President Vladimir Putin and other Russian officials frequently refer to Ukraine’s weak social cohesion, thereby justifying the notion that Russia is intervening in this allegedly ungovernable weak state to protect its clientele groups there. During this year’s St. Petersburg Economic Forum (June 16-18), Mr. Putin indirectly accused the North Atlantic Treaty Organization (NATO) of acting to “scare the Russian-speaking population of southeastern Ukraine and Crimea” and he posited that Moscow “simply had to take measures to protect certain social groups” in Ukraine (, June 17). Likewise, a document produced by the Moscow-based Council on Foreign and Defense Policy, which lays out a strategy for Russia’s foreign policy until the end of this decade, also mentions the “Ukrainian elites’ incapacity that led to the country’s economic and social degradation.” The report predicts Ukraine’s likely disintegration. Thus, the document’s authors recommend that the Kremlin temporarily halt its activism vis-à-vis Ukraine in order to instead focus on Russia’s domestic human capital drain (, May 23).

Moscow seeks to put Ukraine’s smallest nationalities in play against Kyiv

The ethnic-Ukrainian share of Ukraine’s population is now greater than the ethnic-Russian share of the Russian Federation’s population – and significantly larger if one does not include Russian-occupied Crimea and the Donbas in the Ukrainian estimation. Despite that, Moscow continues to try to play the ethnic card in Ukraine, not only with ethnic Russians in the east but with smaller ethnic communities elsewhere. Russia’s earlier failed efforts to mobilize Ukraine’s 150,000 ethnic Hungarians and 150,000 Romanians attracted some attention in the past largely because of their proximity to Hungary and Romania, respectively. But now Moscow is seeking to put two other and smaller groups – the 32,000 Gagauz (a Turkic-speaking people who mainly belong to the Christian Orthodox Church) and the 140,000 Bulgarians – in play in Odesa Oblast in a transparent attempt to destabilize that southern Ukrainian region and Ukraine more generally (see Eurasia Daily Monitor, April 9, 13, 2015). This latest Russian effort began immediately after June 28, when Ukrainian President Petro Poroshenko proposed giving the Crimean Tatars the right to self-determination within Ukraine.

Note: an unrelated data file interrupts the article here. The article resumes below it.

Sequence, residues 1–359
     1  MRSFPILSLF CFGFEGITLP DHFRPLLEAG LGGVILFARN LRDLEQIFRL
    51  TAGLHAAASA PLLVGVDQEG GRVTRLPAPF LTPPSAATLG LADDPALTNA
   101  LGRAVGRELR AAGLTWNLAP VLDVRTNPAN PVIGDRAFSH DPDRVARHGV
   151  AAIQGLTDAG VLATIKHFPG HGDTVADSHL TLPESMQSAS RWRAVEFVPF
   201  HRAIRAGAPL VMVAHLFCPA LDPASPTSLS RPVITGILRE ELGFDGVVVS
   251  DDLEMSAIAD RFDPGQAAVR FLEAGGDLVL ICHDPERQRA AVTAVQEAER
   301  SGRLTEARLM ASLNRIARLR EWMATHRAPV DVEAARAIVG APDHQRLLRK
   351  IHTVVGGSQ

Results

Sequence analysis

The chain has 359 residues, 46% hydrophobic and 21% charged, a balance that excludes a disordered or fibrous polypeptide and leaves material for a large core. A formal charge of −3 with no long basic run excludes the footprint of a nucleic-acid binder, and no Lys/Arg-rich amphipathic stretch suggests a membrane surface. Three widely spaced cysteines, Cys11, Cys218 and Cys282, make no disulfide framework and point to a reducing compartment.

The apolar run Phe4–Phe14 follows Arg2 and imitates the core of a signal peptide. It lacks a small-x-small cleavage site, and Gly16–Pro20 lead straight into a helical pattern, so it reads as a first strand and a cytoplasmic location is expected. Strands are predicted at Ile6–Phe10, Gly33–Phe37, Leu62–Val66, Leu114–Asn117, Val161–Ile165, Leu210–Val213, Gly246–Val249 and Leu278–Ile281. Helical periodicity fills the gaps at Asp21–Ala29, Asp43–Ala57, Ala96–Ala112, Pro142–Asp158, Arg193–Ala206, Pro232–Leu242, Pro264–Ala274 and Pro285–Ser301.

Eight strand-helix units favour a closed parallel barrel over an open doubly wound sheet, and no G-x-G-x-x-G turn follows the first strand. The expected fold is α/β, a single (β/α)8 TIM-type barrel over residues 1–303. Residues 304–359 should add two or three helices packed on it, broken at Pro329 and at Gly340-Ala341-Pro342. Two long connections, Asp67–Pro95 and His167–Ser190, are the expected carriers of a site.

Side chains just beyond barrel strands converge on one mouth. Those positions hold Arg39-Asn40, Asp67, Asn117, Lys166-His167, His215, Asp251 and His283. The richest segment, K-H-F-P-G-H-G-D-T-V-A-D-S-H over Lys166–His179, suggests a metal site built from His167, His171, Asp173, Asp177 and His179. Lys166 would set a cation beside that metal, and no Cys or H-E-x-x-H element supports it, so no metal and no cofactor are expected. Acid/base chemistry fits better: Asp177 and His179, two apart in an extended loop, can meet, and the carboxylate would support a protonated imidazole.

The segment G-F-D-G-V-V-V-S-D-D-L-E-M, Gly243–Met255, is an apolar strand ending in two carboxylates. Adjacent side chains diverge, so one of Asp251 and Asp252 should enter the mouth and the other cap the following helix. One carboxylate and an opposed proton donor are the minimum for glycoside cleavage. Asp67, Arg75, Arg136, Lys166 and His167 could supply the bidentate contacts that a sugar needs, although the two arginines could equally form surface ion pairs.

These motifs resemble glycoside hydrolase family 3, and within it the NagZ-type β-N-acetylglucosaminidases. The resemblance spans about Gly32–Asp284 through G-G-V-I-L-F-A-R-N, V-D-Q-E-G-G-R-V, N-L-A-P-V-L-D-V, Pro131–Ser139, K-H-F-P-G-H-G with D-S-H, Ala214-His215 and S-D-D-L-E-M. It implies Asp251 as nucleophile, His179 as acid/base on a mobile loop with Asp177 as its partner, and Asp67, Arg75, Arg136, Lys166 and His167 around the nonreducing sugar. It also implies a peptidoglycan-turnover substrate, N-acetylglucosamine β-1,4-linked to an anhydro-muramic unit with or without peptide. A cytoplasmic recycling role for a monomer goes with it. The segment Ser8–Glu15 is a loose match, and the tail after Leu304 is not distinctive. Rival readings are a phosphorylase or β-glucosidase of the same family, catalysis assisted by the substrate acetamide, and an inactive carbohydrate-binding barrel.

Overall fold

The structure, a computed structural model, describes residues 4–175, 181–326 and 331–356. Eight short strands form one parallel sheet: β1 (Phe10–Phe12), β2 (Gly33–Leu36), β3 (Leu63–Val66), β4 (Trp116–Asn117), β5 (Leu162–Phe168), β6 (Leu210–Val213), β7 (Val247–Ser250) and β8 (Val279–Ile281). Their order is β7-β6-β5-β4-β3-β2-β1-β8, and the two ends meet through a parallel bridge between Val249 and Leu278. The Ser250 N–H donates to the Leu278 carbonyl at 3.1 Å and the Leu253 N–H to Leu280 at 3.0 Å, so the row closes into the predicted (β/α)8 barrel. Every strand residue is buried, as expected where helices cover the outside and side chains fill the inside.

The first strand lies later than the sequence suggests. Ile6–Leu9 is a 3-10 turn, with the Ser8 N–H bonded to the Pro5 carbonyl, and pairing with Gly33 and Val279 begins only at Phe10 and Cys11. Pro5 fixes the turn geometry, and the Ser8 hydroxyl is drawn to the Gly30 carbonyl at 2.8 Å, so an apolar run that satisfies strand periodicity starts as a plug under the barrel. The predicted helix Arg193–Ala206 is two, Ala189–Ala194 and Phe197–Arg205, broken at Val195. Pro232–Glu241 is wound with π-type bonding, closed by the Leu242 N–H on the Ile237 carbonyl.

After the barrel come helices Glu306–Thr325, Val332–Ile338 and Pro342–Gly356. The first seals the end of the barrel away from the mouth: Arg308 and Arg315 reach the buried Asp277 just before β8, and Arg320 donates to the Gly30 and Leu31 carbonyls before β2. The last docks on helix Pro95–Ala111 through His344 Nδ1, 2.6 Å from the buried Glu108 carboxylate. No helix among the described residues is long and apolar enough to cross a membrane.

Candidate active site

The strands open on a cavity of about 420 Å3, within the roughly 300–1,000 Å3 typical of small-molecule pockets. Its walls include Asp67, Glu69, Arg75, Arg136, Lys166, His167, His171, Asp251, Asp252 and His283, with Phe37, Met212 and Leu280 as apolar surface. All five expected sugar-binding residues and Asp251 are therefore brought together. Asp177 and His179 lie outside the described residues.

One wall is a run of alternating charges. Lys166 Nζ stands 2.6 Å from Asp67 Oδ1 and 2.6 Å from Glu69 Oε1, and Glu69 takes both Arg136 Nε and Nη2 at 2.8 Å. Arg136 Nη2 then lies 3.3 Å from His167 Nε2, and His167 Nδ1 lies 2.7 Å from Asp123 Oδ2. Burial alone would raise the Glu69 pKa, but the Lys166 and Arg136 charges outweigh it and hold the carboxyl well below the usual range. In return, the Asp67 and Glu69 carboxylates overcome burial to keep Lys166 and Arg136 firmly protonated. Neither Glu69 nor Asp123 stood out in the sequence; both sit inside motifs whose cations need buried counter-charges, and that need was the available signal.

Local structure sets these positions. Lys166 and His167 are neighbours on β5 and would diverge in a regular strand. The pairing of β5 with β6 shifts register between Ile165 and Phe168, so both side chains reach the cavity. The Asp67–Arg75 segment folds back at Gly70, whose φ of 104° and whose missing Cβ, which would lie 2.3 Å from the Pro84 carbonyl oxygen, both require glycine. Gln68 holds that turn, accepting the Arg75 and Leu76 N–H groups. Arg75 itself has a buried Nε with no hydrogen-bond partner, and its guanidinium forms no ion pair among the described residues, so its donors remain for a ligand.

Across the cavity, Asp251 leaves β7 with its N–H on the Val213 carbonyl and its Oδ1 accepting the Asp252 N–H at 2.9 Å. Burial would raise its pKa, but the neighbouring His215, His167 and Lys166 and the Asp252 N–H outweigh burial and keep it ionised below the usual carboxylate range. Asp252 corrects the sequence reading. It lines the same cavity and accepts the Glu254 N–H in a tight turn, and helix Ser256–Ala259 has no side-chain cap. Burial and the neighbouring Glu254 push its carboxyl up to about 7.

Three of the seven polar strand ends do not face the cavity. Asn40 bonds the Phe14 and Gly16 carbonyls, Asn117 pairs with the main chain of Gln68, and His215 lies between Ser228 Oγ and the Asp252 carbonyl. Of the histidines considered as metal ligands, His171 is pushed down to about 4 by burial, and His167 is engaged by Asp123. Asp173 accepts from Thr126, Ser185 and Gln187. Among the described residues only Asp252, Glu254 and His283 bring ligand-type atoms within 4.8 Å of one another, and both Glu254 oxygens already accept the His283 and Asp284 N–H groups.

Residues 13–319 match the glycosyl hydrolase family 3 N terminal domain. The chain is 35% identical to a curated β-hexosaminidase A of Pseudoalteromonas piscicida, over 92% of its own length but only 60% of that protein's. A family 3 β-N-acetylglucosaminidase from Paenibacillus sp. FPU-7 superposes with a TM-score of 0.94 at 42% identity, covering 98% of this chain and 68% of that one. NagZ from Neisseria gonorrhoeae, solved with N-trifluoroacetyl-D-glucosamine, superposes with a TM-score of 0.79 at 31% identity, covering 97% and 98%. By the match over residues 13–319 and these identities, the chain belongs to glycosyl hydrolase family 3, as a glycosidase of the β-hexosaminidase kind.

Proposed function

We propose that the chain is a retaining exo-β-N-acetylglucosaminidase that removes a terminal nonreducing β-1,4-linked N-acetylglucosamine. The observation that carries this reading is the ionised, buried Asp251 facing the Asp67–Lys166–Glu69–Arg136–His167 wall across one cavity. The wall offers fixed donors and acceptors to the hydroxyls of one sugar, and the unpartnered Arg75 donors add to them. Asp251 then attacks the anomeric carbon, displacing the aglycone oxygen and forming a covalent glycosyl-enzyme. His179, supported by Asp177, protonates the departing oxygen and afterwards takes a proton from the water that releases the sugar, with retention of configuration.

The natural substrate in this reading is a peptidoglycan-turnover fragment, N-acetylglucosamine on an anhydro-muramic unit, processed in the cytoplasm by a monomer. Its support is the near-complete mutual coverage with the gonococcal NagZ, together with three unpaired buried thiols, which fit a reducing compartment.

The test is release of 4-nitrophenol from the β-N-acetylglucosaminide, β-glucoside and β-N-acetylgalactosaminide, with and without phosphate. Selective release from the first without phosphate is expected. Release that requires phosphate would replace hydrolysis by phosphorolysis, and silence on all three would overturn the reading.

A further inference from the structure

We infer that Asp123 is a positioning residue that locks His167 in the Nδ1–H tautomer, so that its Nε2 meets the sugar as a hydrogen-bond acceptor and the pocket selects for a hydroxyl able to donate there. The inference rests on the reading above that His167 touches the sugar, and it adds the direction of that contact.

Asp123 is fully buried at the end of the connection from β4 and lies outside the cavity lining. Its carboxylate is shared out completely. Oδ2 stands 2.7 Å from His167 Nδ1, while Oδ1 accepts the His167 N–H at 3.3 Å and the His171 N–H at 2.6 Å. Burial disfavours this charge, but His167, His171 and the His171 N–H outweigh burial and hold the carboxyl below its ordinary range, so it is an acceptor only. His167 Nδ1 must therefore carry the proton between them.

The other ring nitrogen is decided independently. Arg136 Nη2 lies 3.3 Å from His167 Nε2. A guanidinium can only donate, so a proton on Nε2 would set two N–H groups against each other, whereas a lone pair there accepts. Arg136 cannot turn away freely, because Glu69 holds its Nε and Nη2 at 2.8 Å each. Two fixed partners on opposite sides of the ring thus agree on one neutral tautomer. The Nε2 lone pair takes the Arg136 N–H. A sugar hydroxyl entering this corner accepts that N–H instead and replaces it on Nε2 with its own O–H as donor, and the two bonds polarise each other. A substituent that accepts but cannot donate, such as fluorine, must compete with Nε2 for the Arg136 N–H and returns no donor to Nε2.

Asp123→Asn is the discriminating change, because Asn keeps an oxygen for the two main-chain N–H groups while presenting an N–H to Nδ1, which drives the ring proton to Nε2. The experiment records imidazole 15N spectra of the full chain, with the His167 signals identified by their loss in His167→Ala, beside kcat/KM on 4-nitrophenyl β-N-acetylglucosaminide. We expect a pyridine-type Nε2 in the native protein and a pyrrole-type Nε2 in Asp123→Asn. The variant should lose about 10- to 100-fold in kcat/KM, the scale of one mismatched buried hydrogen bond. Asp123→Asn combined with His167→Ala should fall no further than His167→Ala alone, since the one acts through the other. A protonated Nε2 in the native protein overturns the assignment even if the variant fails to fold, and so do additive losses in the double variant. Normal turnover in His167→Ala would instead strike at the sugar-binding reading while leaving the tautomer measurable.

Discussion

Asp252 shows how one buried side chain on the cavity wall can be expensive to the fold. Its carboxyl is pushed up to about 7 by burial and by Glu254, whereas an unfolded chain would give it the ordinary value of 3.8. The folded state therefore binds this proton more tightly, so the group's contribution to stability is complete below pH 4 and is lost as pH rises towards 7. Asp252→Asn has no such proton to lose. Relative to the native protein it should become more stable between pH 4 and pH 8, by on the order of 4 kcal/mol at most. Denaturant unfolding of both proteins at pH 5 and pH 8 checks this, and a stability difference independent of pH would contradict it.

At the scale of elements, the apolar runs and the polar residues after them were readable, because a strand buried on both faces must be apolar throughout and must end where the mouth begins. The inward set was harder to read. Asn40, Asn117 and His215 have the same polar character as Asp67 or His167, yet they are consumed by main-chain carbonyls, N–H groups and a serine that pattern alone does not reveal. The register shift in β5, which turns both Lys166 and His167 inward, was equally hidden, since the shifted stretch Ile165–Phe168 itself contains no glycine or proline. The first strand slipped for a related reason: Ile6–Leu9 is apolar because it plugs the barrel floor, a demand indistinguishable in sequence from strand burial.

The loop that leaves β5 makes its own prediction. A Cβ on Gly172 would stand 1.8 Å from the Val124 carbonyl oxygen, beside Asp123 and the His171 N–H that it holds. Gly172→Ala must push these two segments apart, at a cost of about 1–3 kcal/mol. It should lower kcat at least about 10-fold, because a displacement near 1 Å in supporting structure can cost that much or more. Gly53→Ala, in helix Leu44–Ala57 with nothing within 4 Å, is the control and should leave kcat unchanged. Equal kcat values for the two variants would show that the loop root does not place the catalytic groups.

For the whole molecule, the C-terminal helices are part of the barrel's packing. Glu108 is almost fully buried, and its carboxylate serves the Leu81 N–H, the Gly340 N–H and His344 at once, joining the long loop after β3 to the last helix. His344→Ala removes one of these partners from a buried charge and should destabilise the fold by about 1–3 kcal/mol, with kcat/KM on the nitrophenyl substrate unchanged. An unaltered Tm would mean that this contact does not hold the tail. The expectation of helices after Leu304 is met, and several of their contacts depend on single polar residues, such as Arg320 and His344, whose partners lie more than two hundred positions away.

Poland’s Parliament declares Volyn massacres “genocide”

Ukraine laments move
Poland’s lower house of Parliament, the Sejm, has voted to declare World War II-era killings committed by Ukrainian nationalists against Polish civilians “genocide” in a move that could provoke tensions between the two neighbors. Kyiv, which rejects the genocide label for the crimes, reacted cautiously, with President Petro Poroshenko expressing “regret” over Warsaw’s move. Mr. Poroshenko cautioned that the resolution could be used against his country. Ukraine has been embroiled in a conflict with Russia-backed separatists that has claimed more than 9,400 lives since April 2014. Mr. Poroshenko also called for reconciliation and forgiveness between the two nations.

Ukrainian Cabinet appoints Ulana Suprun as acting health minister

KYIV – Ukraine’s Cabinet of Ministers on July 27 appointed Deputy Minister of Health Ulana Suprun as the acting health minister. On July 12, Ukrainian President Petro Poroshenko had met with the physician, volunteer and director of humanitarian initiatives at the Ukrainian World Congress, Dr. Suprun, and asked her to become deputy minister of health of Ukraine. On July 22, the Cabinet of Ministers appointed Dr. Suprun as deputy health minister. Dr. Suprun is an American of Ukrainian descent. Since the fall of 2013, she has lived in Ukraine.

Pavel Sheremet in a photo posted on his Facebook page in November 2013.

Journalist Pavel Sheremet, 44, killed by car bomb in Kyiv